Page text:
PAKISTAN: The government dodges the international community on civil and political rights 

A Statement by the Asian Human Rights Commission on the Occasion of the International Human Rights Day, December 10, 2011

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The state has become dysfunctional in providing basic human rights to the people. Though the parliament exists it either cannot assert its constitutional duties or does not want to assert itself in the presence of the powerful military which is dominating both internal and external affairs. The Pakistani society and the government remain under the strong grip of the military which does not allow them to interfere in the affairs of the armed forces. Pakistan remains a highly militarized society where economic, political, foreign affairs and judicial policies are dictated by the armed forces. The laws for the benefit of women, religious minorities and against torture and enforced disappearances cannot be made without the prior approval from the military. The parliament has been made redundant and its decisions are occasionally reverted through the judiciary at the behest of the military.

The year 2011 was no different from the previous years for the human rights defenders. This year it was more open and blatant when government ratifies the different covenants and conventions of UN. The government has still not developed any mechanism to provide protection for the human rights defenders and sometimes it is observed that law enforcement authorities were harsher with the HR defenders.

The Asian Human Rights Commission has documented the killing of 18 human rights defenders during the year by the state intelligence agencies.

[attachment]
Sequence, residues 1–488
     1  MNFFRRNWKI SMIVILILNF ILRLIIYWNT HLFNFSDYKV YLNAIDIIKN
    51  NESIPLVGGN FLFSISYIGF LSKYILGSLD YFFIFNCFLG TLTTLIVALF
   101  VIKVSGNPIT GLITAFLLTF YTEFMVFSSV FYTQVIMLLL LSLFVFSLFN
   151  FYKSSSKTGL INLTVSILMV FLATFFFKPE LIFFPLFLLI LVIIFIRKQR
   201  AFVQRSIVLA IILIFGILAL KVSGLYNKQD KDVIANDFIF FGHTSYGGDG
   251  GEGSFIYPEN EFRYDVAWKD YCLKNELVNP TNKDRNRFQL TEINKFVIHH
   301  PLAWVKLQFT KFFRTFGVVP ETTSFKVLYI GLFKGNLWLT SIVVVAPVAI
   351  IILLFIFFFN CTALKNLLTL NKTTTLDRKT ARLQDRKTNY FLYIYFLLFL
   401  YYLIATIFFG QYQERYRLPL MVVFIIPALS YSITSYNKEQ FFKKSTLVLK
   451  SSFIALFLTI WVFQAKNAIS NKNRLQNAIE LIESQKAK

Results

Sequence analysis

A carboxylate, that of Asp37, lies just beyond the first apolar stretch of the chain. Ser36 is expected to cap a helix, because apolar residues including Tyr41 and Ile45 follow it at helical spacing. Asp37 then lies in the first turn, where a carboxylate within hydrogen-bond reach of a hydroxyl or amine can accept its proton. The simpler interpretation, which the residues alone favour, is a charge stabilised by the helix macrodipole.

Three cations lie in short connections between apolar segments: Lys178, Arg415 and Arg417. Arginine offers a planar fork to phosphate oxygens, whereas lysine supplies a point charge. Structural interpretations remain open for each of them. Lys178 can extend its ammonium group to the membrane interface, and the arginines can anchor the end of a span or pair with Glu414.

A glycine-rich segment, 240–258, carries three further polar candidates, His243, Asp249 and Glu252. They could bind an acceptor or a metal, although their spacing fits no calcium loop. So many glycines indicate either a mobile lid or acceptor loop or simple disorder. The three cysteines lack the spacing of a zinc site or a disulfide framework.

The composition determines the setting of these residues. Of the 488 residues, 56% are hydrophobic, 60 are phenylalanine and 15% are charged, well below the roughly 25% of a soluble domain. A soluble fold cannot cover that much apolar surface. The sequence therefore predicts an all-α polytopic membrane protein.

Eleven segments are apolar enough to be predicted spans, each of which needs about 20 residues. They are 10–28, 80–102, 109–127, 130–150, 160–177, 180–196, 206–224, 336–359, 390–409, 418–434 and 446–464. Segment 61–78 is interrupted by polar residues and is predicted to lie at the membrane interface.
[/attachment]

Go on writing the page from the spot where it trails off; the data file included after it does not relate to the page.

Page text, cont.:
The government of Pakistan has dodged not only the UN but also the European Union who pursued the government to withdraw all its reservations on the many articles of the ICCPR and the CAT.  The European Union had conveyed that these reservations had made Pakistan ineligible for the Generalised System of Preferences (GSP) Plus status to be accorded in 2014 by the European Union. To settle the issue, the Prime Minister chaired an Inter-Ministerial Meeting, the cabinet, at the end of June 2011, in which it was decided to withdraw its reservations on Articles 6, 7, 12, 13, 18, 19 and 40 of ICCPR. The reservation on Article 3 was narrowed down to Personal Law and Law of Evidence, and the reservation on Article 25 was restricted to the election of the President of Pakistan.

On the CAT it was decided to withdraw reservations on Articles 3, 4, 6, 12, 13 and 16. The reservation on Article 8 was retained. The declarations on Article 20 as provided in Article 28 (1) and Article 30 (1) were also retained. This eye wash effort, to make fools of the international community, was done by the government to avail itself of multiple trade concessions, privileges and enhanced trade activities with the European Union.

The year 2011 started with the killings of hundreds of persons including those of high profile personalities; the governor of a province and a federal minister of minority affairs, by the extremist religious groups who infiltrated the law enforcement agencies. The arrest of a Christian lady, Aasia Bibi, on baseless Blasphemy charges from some mosque leaders took religious intolerance and fanaticism to its highest peak. The state played a dubious role to appease religious extremism. It remained a silent spectator in the killings of Mr. Salman Taseer, former governor of Punjab province and former federal minister of minority affairs, a Christian minister in cabinet. The government’s ineptitude to stop religious and sectarian intolerance has strengthened the banned militant religious groups so that they are able to organize and collect funds in the streets and hold huge rallies. This ineptitude of the government has encouraged the forced conversion to Islam of girls from religious minority groups. In total throughout the country during the year around 1,800 women from Hindu and Christian groups were forced to convert to Islam by different methods particularly though abduction and rape.